Every Room in the Body records a fraught, high-risk pregnancy and the terror of living within uncertainty about your own body. After establishing an unsettled feeling in her pregnancy, Kerri French reveals something staggering in “Diagnosis”:
You’re told your baby will be
born but maybe not alive.
Suddenly, the speaker and the reader are thrown together into wondering and fearing. Will the baby live? Will she be made mother of a living child or a dead one? What signs should have been clear? What did she miss? All the ways that a woman wonders during her pregnancy, all the ways that hope can boost and betray come to the forefront as French moves through the agonizing months of trying to keep her baby alive and herself sane.
French breaks the book into three sections: Dwelling, Occupancy, and Domicile. The first section becomes both noun and verb as French confronts the diagnosis of intrahepatic cholestasis of pregnancy (ICP), which she describes in her notes as “a liver condition that occurs in pregnancy and causes severe itching in the mother—particularly in the hands and feet—as well as increasing the risk of prematurity, fetal distress, and stillbirth.” As you might imagine, this idea of dwelling hits upon the consuming fear such a diagnosis would ignite, but French also uses it as an opportunity to enter the body as dwelling and residence, a place not yet home, but inhabited. “Feather, Nest, House, Home” begins with characters who will return—a family of birds outside the window of her new home. At first she imagines them lucky, but as her baby’s movements slow in the womb, the birds enter the house and flutter above her belly—
I lay down, their small wings fluttering
above the baby’s kicks until I grew
too afraid to ask them to leave.
In this second poem of the book, the speaker knocks around the house though she is assigned bed rest by her doctor. She already intuits some deeper issue with the pregnancy but cannot make herself still.
In “Occupancy,” the focus turns to the child occupying her body, and the demands put upon that body. As the book progresses, the poems each seem caught in their own moment of suspension amidst a long and terrible wait. French tries to understand the body by mapping the borders of baby and mother, the strange rooms of the body that hold a variety of futures. Water and glass return often as images that indicate transparency and boundary, often simultaneously. In “Residence,” she writes:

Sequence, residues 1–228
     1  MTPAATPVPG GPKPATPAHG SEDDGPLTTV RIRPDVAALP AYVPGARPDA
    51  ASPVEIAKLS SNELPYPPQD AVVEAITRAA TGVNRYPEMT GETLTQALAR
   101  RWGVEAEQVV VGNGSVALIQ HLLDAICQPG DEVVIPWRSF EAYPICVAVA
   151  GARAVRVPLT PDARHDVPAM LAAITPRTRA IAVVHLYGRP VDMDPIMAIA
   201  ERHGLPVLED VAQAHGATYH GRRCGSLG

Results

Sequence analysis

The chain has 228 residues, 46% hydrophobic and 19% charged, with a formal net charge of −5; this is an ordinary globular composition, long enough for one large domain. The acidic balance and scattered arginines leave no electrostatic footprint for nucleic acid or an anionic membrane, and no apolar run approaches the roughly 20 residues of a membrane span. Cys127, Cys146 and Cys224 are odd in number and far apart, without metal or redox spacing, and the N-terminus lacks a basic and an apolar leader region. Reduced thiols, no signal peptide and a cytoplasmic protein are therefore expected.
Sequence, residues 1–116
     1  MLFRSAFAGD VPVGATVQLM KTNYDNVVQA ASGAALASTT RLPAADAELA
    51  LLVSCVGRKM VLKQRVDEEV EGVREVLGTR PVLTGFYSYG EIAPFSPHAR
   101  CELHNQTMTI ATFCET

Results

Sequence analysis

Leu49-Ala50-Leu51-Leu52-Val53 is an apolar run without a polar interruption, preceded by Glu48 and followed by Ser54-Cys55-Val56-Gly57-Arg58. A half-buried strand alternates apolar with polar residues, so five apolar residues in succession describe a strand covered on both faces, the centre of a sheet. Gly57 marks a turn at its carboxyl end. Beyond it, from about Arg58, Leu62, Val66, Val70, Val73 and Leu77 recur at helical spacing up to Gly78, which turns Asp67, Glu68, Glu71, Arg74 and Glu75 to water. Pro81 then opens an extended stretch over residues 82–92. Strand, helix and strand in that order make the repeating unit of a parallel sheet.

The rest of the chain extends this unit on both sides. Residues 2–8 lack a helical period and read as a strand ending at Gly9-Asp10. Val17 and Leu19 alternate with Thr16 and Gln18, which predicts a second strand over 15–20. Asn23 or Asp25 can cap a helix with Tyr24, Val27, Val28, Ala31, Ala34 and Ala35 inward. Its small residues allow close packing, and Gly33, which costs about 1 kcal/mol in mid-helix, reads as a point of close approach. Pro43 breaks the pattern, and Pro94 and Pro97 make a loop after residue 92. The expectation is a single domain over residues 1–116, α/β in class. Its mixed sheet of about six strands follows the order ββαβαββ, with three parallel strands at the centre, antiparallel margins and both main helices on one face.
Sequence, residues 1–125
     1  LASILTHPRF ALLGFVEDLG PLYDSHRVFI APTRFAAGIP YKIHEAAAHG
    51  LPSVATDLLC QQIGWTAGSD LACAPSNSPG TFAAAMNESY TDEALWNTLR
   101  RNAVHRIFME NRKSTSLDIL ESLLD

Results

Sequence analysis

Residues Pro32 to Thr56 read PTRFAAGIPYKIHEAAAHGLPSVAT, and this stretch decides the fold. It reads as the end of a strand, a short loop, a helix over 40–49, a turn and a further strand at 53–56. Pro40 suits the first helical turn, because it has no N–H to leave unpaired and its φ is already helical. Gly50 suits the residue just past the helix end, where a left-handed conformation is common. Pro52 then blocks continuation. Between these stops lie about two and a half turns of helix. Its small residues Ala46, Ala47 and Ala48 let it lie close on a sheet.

the leaves she chose for a bed,
an evening train leaving her to swim
the remainder. Here is a map
that multiplies her hunger. Here
is the sound where it all began.
Here is the noise behind the river—
a headstone of notes whistling below.
Here, water hides and reveals, brings her home and suggests other places she may be forced to inhabit should the pregnancy go wrong.
In the final section, “Domicile,” dreams of the child grow more insistent as the speaker imagines a future for herself with her daughter, a kind of home. Sometimes, she is planning for grief: “I built a headstone from baby blocks, / tiny letters stacked across the bed.” In the same poem, “The Funeral Year,” the grief redirects slightly. “I planned my own funeral instead of hers, / the map to the house swallowed through clouds.” Often, it is the fraught reality of abiding that hurts: in “34 Weeks,” she writes:
The waiting was like a dance
inside me, a gunshot fired
across a clear field
I remembered walking past
years before I knew
she may leave me.
It was easier to imagine her
standing on a platform
as a train approached,
the blame I placed
everywhere except myself
only a whisper of an engine
still not born, the doctors
standing on the track
warning Too late, too late.
The birds of the earlier section return again, only for the speaker to realize they are suddenly gone. They left behind cracked eggs and took with them their portent. The body brings milk, taunting the speaker—it is milk that may not be used. The tension remains until the book’s end for both speaker and reader.
Throughout the book, French’s lines are controlled, her images stark. They employ a kind of tensile strength, such that even when they are short, they feel powerful and deliberate as in the lines:
Afraid to fall asleep, you learn
that to wait is to mourn.
You learn to wait
is to hope, a different kind of disease.
Lines may stagger across the page, broken by white space, a kind of zig zag that emphasizes the quality of dreams in some of her more surreal poems. Still other poems use tight couplets to regain the control lost in the pregnancy. This tension reinforces the speaker’s plight.
Winner of the Moon City Press Award in Poetry for 2016, Every Room in the Body shows the many ways that pregnancy embodies a woman, makes her body foreign as a warscape and domestic as a tea kettle. Pregnancy forces a remapping, a remaking of the body and a woman’s understanding of her own body. French enacts terror in these poems—and hope.